accept(3) bind(3) accept − accept a connection on a socket

accept(3) bind(3) accept − accept a connection on a socket
accept(3)
accept(3)
NAME
bind(3)
bind(3)
NAME
accept − accept a connection on a socket
bind − bind a name to a socket
SYNOPSIS
SYNOPSIS
#include <sys/types.h>
#include <sys/socket.h>
#include <sys/types.h>
#include <sys/socket.h>
int accept(int s, struct sockaddr *addr, int *addrlen);
int bind(int s, const struct sockaddr *name, int namelen);
DESCRIPTION
DESCRIPTION
The argument s is a socket that has been created with socket(3N) and bound to an address with bind(3N),
and that is listening for connections after a call to listen(3N). The accept( ) function extracts the first connection on the queue of pending connections, creates a new socket with the properties of s, and allocates a
new file descriptor, ns, for the socket. If no pending connections are present on the queue and the socket is
not marked as non-blocking, accept( ) blocks the caller until a connection is present. If the socket is
marked as non-blocking and no pending connections are present on the queue, accept( ) returns an error as
described below. The accept( ) function uses the netconfig(4) file to determine the STREAMS device file
name associated with s. This is the device on which the connect indication will be accepted. The accepted
socket, ns, is used to read and write data to and from the socket that connected to ns; it is not used to accept
more connections. The original socket (s) remains open for accepting further connections.
bind( ) assigns a name to an unnamed socket. When a socket is created with socket(3N), it exists in a name
space (address family) but has no name assigned. bind( ) requests that the name pointed to by name be
assigned to the socket.
RETURN VALUES
If the bind is successful, 0 is returned. A return value of −1 indicates an error, which is further specified in
the global errno.
ERRORS
The bind( ) call will fail if:
EACCES
The requested address is protected and the current user has inadequate permission
to access it.
The argument addr is a result parameter that is filled in with the address of the connecting entity as it is
known to the communications layer. The exact format of the addr parameter is determined by the domain
in which the communication occurs.
EADDRINUSE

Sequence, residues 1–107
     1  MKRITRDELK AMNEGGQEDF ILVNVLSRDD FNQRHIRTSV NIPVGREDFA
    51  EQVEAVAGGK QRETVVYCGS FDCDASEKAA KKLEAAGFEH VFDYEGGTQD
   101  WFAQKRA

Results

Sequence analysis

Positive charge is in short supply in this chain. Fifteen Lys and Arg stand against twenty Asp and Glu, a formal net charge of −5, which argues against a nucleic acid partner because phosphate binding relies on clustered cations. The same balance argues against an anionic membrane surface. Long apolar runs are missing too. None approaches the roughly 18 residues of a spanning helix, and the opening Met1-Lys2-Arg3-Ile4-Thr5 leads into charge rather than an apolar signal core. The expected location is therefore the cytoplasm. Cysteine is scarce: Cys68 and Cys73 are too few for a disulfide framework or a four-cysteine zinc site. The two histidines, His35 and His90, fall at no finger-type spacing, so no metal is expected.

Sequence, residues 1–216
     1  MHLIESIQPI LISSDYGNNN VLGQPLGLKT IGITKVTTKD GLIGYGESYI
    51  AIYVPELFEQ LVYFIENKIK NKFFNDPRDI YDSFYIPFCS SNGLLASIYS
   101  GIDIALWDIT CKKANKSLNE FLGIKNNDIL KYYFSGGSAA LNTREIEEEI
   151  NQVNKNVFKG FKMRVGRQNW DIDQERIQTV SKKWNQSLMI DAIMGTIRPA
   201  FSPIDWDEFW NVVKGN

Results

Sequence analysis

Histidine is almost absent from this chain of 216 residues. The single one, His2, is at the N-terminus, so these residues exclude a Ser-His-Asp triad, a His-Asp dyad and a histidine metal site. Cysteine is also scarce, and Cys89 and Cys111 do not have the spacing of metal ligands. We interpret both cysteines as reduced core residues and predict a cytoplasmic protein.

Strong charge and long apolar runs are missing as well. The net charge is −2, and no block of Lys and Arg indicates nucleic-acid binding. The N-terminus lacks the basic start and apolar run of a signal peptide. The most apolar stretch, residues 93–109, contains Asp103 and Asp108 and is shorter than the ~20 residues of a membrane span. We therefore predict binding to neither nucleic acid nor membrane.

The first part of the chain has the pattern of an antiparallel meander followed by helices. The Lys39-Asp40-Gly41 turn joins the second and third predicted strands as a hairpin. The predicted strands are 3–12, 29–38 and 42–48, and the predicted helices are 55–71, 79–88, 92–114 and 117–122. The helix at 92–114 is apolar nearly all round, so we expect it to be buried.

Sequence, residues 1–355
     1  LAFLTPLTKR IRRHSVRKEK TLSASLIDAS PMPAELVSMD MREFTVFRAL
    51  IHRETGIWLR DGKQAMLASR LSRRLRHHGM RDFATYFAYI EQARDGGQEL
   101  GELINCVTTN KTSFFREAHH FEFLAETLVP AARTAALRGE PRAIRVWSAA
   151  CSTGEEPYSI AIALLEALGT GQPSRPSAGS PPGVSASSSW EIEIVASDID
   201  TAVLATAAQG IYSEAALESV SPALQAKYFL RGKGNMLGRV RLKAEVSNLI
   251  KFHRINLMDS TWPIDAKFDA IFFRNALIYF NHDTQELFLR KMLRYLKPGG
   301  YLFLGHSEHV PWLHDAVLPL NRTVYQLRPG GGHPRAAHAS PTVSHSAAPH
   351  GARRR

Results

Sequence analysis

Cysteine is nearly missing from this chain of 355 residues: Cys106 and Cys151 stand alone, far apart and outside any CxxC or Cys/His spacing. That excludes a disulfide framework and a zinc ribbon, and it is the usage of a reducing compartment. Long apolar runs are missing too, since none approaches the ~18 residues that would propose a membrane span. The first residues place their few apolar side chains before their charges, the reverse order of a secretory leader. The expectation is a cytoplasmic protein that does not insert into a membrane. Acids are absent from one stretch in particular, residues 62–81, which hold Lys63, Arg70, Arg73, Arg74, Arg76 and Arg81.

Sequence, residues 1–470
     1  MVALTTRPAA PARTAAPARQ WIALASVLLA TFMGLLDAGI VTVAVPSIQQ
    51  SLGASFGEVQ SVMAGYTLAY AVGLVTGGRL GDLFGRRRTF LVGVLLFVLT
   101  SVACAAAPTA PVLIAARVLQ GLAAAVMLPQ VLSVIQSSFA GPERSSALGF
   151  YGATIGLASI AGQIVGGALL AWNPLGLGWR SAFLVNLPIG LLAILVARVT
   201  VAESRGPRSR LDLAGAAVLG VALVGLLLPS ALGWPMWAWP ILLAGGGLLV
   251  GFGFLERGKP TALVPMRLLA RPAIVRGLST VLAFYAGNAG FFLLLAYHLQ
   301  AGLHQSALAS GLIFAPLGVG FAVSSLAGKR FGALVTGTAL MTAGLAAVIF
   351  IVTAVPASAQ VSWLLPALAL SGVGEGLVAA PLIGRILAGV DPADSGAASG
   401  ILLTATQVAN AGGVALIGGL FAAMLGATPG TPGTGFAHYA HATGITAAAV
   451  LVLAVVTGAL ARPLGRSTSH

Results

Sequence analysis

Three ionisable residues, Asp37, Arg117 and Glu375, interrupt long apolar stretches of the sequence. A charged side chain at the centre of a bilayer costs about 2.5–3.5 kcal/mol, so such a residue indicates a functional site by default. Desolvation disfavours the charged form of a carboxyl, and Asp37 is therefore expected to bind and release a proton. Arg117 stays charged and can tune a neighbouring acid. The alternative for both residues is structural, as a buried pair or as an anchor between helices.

The specified address is already in use.
EADDRNOTAVAIL
The specified address is not available on the local machine.
The argument addrlen is a value-result parameter. Initially, it contains the amount of space pointed to by
addr; on return it contains the length in bytes of the address returned.
EBADF
s is not a valid descriptor.
The accept( ) function is used with connection-based socket types, currently with SOCK_STREAM.
EINVAL
namelen is not the size of a valid address for the specified address family.
It is possible to select(3C) or poll(2) a socket for the purpose of an accept( ) by selecting or polling it for a
read. However, this will only indicate when a connect indication is pending; it is still necessary to call
accept( ).
EINVAL
The socket is already bound to an address.
RETURN VALUES
ENOSR
There were insufficient STREAMS resources for the operation to complete.
ENOTSOCK
s is a descriptor for a file, not a socket.
The following errors are specific to binding names in the UNIX domain:
The accept( ) function returns −1 on error. If it succeeds, it returns a non-negative integer that is a descriptor for the accepted socket.
EACCES
ERRORS
Search permission is denied for a component of the path prefix of the pathname in
name.
EIO
An I/O error occurred while making the directory entry or allocating the inode.
EBADF
The descriptor is invalid.
EISDIR
A null pathname was specified.
EINTR
The accept attempt was interrupted by the delivery of a signal.
ELOOP
Too many symbolic links were encountered in translating the pathname in name.
EMFILE
The per-process descriptor table is full.
ENOENT
A component of the path prefix of the pathname in name does not exist.
ENODEV
The protocol family and type corresponding to s could not be found in the netconfig file.
ENOTDIR
A component of the path prefix of the pathname in name is not a directory.
EROFS
The inode would reside on a read-only file system.
accept( ) will fail if:
ENOMEM
There was insufficient user memory available to complete the operation.